Adjunct Professor and multimedia artist Julie Pamkowski’s photography portfolio, “Headshots/Bodyshots,” features images of sculptures constructed from pieces of ordinary plastic baby dolls turned inside-out.
To achieve the effect, Pamkowski warped, cut and rearranged the doll parts using clips to hold them in place. She then took snapshots of the results, and the effect is meant to showcase the shiny and smooth texture of the plastic.
Pamkowski expressed that the sculptures are meant to be metaphors for angst and violence.
“My work definitely comes from a feminist perspective,” Pamkowski stated. “I have grave concerns for female rights, and my anxiety about those issues are translated into my art.
“So for instance, I manipulated the dolls in ‘Headshots/Bodyshots’ to look like deformed fetuses. The way I cut and tore and reconstructed the dolls are representative of things like the womb, female reproductive systems, (and) the female body. And these subjects are all politically charged.”
In her deconstruction society’s views on women’s rights and the female form, Pamkowski notes a childlike playfulness.
“There is this very playful side to it. You know how some kids destroy their dolls? Well, I’m doing the same thing. I’m ultimately playing with dolls. And I love that duplicity.”
As an artist, Pamkowski incorporates polarizing themes in her work.
“Attraction and repulsion is very important to me. These images of reassembled plastic doll parts, while unsettling, are also beautiful. And in these sculptures, I turned some of the doll parts inside out as a psychological representation of emotions and thoughts that are internal, and (fused) them with the exterior, physical shell. ”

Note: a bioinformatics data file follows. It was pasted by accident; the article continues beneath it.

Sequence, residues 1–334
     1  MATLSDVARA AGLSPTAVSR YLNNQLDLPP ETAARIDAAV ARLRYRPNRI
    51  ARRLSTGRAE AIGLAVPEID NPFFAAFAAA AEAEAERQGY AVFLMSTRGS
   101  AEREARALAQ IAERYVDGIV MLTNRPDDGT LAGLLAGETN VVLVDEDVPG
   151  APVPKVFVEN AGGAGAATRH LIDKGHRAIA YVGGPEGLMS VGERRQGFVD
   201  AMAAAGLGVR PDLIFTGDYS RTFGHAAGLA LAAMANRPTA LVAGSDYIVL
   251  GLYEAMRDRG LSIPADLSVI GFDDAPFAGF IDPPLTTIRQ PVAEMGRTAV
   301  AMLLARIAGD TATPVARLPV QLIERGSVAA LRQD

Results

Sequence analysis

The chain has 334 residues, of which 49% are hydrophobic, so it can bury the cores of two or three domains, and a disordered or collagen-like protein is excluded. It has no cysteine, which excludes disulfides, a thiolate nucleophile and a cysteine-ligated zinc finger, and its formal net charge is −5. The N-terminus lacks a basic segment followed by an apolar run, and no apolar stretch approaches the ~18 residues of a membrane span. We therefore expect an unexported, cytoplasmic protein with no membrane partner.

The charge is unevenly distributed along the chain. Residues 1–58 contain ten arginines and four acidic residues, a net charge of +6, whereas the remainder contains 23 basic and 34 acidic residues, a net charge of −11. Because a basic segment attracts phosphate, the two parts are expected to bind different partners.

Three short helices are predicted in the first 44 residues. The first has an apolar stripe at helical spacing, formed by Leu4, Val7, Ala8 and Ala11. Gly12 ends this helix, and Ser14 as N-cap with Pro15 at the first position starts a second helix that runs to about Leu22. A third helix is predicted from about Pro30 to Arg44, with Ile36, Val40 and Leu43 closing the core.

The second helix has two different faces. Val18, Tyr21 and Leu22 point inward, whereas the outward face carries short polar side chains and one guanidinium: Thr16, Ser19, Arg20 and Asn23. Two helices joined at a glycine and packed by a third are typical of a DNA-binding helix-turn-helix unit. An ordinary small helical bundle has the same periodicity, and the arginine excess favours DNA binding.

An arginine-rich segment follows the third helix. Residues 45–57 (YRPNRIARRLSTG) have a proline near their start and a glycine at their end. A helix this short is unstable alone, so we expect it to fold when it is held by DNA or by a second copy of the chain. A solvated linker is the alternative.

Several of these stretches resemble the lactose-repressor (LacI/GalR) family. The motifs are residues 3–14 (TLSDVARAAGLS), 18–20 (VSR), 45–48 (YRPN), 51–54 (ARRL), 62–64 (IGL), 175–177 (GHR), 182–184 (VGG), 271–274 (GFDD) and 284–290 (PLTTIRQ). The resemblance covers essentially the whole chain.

Pamkowski values photography as a medium through which she can more easily manipulate how her audience sees her sculptures.
“Using photography, I can control the lighting and make the viewers see what I want them to see. I’m taking this regular, everyday doll that you buy at Kmart and turning it into this grotesque object.”
“Headshots/Bodyshots” represents what society tells us not to expose. “I use art to understand and interpret the world around me, and this series in particular is to express my discontent with how we handle issues regarding women’s rights.”
Pamkowski has a masters degree in Fine Arts in Combined Media from the University at Albany. Her work has been featured in the Fulton Street Gallery in Troy, NY and Opalka Gallery of Albany, NY. SUNY Albany granted Pamkowski the Initiatives for Women Merit-Based Award. Pamkowski has recently taught at SUNY Albany, instructing students in Beginning Photography and Digital Imaging.
At Union, Professor Pamkowski teaches Photography 1 and 2 as well as working with Senior Thesis students and independent studiers focused in photography. Pamkowski will serve as sabbatical replacement for Visual Arts Professor Martin Benjamin until his return in March.
Check out Pamkowski’s series, “Headshots/Bodyshots” at www.juliepamkowski.com.